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MAINE SUPREME JUDICIAL COURT                                                               Reporter of Decisions

Decision:       2005 ME 35

Docket:         Pen-04-644

Argued:        January 12, 2005

Decided:       March 8, 2005

 

Panel:            SAUFLEY, C.J., and CLIFFORD, ALEXANDER, CALKINS, and LEVY, JJ.

 

 

 

 

 

CITY OF BANGOR

v.

PENOBSCOT COUNTY

 

 

LEVY, J.

[¶1]  Penobscot County (Penobscot) appeals from a summary judgment entered in the Superior Court (Penobscot County, Mead, J.) concluding that, pursuant to 30-A M.R.S.A. § 453 (1996), the county cannot fund its regional 911 dispatch center through county taxes, but rather must fund the center through fee-for-service agreements with participating municipalities pursuant to 30-A M.R.S.A. § 107 (Supp. 2004).  Penobscot argues that section 453 permits counties to fund regional communications centers[1] through county taxes.  We agree and vacate the judgment.

I.  BACKGROUND

[¶2]  This case involves the interplay between sections 453 and 107.

[¶3]  Section 453 provides for the establishment and management of communications centers by counties, and the authority of counties to enter into agreements with municipalities to provide specific communications services:

Each county may establish a communications center, separate from any communications function of the sheriff's department and capable of serving the communication needs of the county and the municipalities which may wish to use the center.

 

The county commissioners, after consulting with municipal officers, are responsible for setting policies for the communications center.  They shall appoint a director or chief dispatcher who is responsible for carrying out their policies.  The director or chief dispatcher, if qualified, may be the County Director of the Maine Emergency Management Agency.

 

The county communications center shall provide communication services for the sheriff's department, county civil emergency services, county or municipal rescue or ambulance services, county or municipal fire departments or municipal police departments.

 

The county commissioners, after consulting with the director or chief dispatcher, may enter into an agreement with a municipality under section 107 to provide specific communications for municipal law enforcement functions, including dispatching of municipal units, in return for payment for these services.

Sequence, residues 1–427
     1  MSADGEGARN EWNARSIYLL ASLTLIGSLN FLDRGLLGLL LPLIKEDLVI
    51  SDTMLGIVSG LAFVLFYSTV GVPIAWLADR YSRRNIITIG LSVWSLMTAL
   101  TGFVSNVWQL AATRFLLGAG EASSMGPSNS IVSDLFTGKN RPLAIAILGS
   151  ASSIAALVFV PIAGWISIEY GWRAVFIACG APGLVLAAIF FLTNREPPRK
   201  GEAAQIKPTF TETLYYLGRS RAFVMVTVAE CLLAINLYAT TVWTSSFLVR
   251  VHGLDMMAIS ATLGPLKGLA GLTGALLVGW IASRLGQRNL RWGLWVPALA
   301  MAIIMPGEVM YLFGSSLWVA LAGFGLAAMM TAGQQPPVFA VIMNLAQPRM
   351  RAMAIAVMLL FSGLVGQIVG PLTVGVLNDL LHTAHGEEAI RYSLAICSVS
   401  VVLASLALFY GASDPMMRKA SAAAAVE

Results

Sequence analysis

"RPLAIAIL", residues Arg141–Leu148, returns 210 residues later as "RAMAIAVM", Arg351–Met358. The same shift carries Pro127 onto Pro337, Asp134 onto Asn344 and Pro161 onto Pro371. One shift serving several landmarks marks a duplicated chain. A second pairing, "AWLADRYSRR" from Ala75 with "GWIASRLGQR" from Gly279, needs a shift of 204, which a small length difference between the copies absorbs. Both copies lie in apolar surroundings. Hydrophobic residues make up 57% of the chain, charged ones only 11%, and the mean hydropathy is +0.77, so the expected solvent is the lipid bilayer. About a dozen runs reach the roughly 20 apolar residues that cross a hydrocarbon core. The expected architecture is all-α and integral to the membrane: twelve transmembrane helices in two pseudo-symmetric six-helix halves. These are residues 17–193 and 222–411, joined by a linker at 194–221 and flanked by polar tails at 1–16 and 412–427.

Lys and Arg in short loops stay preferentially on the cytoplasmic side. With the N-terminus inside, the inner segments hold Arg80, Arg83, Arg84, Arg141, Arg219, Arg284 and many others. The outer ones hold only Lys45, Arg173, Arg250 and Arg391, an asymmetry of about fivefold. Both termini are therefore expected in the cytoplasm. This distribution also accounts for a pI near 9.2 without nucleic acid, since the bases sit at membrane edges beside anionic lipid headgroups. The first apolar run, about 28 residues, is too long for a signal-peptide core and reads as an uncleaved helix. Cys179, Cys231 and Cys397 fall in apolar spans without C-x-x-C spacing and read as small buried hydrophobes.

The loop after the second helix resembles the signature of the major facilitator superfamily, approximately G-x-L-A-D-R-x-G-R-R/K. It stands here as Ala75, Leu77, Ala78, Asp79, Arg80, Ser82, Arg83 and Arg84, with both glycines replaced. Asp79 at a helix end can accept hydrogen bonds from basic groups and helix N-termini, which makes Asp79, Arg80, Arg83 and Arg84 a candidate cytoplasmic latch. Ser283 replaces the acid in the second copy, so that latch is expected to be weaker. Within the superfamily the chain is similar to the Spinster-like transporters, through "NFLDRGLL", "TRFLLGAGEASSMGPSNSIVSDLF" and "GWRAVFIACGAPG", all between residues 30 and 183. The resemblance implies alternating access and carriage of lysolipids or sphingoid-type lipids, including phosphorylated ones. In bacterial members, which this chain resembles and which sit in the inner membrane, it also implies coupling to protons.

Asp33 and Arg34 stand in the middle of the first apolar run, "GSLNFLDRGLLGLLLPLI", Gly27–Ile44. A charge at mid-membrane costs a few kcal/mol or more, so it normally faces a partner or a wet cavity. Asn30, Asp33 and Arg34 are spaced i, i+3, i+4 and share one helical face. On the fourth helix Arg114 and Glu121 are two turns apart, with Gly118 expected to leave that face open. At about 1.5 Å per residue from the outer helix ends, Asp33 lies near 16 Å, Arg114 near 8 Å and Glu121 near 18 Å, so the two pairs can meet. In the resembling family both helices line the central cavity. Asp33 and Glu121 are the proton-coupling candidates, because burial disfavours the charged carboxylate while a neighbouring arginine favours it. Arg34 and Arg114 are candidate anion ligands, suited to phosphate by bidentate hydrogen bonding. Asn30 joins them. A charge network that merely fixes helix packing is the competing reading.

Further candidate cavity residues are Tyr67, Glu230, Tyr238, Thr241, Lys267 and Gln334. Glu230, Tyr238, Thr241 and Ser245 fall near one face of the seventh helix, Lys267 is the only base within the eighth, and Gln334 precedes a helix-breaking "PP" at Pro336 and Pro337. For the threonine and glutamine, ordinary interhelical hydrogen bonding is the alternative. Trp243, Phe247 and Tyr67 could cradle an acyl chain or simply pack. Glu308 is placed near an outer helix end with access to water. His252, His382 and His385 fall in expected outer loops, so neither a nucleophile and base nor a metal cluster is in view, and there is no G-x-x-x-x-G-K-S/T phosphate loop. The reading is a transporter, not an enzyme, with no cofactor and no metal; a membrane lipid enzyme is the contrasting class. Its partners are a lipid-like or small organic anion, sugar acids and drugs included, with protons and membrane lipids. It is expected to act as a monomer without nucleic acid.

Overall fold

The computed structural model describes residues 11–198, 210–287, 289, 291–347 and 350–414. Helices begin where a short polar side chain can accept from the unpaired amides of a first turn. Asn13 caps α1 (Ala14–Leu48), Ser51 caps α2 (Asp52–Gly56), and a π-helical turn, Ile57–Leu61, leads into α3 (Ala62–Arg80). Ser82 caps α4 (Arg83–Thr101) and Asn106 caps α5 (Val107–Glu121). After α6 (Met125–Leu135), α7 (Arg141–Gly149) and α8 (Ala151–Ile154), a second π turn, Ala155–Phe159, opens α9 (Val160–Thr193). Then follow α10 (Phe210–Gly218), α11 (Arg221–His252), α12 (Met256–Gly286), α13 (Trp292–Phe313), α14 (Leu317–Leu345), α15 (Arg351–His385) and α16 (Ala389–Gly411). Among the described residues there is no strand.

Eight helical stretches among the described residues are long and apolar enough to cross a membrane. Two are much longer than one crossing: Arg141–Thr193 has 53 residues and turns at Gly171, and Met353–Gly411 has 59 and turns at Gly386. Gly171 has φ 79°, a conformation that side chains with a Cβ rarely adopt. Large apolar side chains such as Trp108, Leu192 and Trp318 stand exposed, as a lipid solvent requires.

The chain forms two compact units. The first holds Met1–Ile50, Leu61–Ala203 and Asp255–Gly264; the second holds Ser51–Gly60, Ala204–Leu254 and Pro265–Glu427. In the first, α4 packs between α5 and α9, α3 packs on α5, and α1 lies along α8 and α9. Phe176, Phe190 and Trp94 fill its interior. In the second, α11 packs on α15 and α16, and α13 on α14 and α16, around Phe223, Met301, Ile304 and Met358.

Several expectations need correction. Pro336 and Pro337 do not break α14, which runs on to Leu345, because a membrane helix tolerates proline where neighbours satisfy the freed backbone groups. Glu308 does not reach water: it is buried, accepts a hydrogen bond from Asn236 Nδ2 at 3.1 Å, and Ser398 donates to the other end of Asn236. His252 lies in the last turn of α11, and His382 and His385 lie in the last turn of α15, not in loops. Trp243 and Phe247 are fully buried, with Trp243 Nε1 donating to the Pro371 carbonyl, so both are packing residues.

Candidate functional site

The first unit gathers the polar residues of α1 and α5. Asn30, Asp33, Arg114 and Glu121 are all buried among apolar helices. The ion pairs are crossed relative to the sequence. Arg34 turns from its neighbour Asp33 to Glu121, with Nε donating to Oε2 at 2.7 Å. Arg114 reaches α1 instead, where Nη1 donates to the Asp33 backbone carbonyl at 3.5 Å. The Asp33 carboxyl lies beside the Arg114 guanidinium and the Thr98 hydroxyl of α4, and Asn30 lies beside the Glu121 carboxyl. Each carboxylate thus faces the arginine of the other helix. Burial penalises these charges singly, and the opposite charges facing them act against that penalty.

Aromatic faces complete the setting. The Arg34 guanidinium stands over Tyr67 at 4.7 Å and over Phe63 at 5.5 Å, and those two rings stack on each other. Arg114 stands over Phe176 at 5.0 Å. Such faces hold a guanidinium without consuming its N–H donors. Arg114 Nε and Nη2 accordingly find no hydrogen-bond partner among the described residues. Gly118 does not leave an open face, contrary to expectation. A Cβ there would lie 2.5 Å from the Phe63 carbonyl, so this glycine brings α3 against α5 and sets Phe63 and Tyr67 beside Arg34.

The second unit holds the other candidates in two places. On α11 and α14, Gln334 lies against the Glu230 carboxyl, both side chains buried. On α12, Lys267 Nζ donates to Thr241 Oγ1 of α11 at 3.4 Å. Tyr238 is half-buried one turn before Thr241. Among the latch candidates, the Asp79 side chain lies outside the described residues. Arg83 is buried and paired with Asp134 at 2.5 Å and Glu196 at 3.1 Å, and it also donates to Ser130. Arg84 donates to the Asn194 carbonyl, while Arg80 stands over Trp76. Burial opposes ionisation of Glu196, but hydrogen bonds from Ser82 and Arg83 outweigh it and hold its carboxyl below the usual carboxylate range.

30-A M.R.S.A. § 453.

 

[¶4]  Section 107 provides, in pertinent part, that in addition to services otherwise authorized or required by title 30-A, counties may "contract to provide any service that a municipality may perform," so long as the cost for such services is not borne by the county tax.[2]  30-A M.R.S.A. § 107.

[¶5]  Pursuant to section 453, Penobscot initiated enhanced 911 service in 1999, whereby all telephone calls from participating municipalities were directed to a county-operated dispatch center.  At first, Penobscot funded the dispatch center through fee-for-service agreements with participating municipalities (hereinafter "section 107 agreements").  Penobscot invited the City of Bangor (Bangor) to join the center, but Bangor declined and retained its own dispatch center.

[¶6]  In 2001, upon the request of its budget committee, Penobscot began funding its dispatch center through county taxes and continues to do so.  Bangor filed a complaint seeking a declaratory judgment that Penobscot must fund its dispatch center through section 107 agreements and not through county taxes.  The parties submitted a joint statement of material facts and each moved for summary judgment.

[¶7]  The court entered a summary judgment in favor of Bangor finding that Penobscot cannot fund its dispatch center through county taxes.  The court reasoned that, although services authorized under section 453 would not otherwise fall under section 107, the fourth paragraph of section 453 requires counties to fund specific communications services for municipal law enforcement functions through section 107 agreements.  The court explained that such an approach "protect[s] those municipalities who choose not to take advantage of certain county services, as is their right."  This appeal followed.